The greatest single name in Jewish sports history is that of Benny
Leonard. Happily, the name of Leonard is also the greatest in the annals of lightweight
boxers in the world. Thus Jewish pride in the accomplishments of a sports star runs
parallel with the reputation of the athlete concerned. For Benny Leonard is a legend in
boxing. The outstanding lightweight of all time, Benny Leonard retired the undefeated
champion of the world after eight years as titleholder. In two hundred and ten bouts he
lost only four times; once on a foul, once after he made an ill-advised comeback long past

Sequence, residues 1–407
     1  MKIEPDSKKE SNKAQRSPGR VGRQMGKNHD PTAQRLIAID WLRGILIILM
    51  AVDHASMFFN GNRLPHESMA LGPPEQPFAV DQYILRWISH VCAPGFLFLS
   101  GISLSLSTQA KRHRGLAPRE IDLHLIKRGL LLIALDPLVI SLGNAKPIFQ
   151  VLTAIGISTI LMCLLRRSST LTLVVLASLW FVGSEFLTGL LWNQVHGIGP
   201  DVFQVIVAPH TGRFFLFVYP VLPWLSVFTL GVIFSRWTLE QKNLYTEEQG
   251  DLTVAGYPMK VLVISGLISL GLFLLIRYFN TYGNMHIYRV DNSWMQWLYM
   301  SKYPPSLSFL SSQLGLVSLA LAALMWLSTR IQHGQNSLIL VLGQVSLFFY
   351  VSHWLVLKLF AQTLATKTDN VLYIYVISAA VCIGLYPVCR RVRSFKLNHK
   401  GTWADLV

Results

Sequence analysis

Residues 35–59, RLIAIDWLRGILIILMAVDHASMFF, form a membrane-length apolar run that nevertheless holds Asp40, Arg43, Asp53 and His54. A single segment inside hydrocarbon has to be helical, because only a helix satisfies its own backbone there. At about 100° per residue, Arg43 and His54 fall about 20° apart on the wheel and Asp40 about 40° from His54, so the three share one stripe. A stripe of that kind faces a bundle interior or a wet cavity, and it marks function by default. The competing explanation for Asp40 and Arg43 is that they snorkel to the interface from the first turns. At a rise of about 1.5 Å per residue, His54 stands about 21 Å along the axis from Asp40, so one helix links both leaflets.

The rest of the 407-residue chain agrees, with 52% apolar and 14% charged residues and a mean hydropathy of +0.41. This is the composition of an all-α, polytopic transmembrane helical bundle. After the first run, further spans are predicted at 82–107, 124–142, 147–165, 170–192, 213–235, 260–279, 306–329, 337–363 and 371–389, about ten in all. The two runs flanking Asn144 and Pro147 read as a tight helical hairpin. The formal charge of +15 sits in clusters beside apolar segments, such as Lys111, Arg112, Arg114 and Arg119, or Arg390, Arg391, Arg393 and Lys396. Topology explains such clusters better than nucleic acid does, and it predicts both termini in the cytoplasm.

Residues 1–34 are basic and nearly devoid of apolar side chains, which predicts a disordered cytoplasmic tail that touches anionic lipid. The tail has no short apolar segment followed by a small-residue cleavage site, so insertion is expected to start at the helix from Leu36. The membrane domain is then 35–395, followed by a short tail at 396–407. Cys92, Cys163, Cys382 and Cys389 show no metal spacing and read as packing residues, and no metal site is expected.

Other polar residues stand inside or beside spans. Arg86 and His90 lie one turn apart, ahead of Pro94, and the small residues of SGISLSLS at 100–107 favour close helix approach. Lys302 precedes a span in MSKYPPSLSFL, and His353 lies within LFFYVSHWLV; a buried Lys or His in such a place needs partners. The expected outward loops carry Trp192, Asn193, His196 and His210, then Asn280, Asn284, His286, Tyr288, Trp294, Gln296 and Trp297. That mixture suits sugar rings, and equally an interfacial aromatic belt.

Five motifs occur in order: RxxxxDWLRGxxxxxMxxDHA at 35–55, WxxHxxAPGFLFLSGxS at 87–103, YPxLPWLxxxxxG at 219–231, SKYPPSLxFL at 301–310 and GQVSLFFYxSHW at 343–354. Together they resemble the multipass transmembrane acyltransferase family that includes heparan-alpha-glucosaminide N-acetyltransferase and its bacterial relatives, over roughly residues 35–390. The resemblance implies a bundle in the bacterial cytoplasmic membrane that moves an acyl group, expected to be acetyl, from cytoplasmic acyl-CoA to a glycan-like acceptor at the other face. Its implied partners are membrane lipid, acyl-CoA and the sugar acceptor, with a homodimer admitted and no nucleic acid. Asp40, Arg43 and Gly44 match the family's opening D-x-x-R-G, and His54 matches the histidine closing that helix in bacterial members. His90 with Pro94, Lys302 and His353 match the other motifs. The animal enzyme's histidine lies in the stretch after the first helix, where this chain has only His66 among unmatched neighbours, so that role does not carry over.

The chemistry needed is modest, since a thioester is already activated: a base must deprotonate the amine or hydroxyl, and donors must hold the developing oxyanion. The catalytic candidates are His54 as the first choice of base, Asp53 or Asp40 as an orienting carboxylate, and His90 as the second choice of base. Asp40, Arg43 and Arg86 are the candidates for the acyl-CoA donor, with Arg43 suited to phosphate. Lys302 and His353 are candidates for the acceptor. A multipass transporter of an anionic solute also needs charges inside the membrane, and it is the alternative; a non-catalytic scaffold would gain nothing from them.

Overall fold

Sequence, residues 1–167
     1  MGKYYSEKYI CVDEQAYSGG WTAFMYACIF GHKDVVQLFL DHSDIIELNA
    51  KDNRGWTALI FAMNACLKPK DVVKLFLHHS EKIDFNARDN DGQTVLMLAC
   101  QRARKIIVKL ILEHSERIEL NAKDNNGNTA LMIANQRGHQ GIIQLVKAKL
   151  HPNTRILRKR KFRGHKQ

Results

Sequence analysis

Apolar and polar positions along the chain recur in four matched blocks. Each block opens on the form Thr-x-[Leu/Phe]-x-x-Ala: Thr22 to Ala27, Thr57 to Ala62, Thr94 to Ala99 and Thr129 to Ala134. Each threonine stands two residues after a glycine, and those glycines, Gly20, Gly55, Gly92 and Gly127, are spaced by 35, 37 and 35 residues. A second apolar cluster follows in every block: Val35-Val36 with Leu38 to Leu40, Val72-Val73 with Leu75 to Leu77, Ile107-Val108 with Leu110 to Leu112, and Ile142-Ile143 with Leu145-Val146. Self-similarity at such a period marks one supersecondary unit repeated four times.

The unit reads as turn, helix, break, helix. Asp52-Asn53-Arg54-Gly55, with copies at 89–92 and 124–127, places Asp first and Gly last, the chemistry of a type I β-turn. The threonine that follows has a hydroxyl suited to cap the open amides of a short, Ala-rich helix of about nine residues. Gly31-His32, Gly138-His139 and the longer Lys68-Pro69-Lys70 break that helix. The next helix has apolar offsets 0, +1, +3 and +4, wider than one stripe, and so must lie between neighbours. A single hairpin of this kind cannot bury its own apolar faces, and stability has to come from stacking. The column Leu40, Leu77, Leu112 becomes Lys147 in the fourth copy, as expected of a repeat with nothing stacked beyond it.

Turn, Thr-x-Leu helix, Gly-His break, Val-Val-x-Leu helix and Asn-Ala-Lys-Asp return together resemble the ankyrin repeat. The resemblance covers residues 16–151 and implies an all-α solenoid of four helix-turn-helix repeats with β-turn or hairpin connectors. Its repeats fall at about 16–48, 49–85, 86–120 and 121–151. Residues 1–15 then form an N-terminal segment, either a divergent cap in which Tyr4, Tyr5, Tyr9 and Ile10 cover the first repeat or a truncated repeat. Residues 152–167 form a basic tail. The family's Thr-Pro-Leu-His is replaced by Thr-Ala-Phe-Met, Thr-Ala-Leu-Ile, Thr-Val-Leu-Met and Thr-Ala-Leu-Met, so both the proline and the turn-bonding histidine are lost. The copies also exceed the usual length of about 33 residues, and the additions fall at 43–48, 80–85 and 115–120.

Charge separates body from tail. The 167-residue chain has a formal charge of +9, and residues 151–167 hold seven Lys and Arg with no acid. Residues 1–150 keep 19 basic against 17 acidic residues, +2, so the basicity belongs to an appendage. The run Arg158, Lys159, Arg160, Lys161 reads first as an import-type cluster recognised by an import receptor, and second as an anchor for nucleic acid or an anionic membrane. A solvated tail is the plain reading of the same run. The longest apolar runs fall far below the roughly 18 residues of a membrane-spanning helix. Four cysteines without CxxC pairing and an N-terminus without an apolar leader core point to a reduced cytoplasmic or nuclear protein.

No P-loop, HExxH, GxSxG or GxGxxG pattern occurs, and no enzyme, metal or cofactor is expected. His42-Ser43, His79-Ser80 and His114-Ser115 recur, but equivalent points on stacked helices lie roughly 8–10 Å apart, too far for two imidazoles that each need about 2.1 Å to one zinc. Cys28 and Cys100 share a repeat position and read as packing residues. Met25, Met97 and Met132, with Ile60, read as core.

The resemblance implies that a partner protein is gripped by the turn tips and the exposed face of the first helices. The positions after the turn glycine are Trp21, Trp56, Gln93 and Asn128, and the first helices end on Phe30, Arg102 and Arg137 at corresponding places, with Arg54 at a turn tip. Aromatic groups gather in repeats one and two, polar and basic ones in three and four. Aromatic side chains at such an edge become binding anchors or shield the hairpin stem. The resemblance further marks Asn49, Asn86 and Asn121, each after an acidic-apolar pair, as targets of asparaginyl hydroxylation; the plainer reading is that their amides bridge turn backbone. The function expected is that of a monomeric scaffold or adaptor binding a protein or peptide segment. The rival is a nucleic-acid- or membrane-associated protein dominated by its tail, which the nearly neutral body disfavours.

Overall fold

his prime and twice when he was first learning the wisdom of the ring.
But Leonard goes past statistics. When he died, the newspaper reporters
recalled the glorious days of the neat-haired, slim young master boxer who, at his peak,
was the finest boxer and one of the most effective punchers in fighting history.
Benny Leonard passed away on April 18, 1947, the way he would have
chosen to die - in the ring. While refereeing a minor bout in dusty, smoky St. Nicholas
Arena in New York, Benny collapsed. A few minutes later he was dead, at the age of
fifty-one, of a hemorrhage of the brain. Leonard often said, "I'll be in boxing until
I breathe my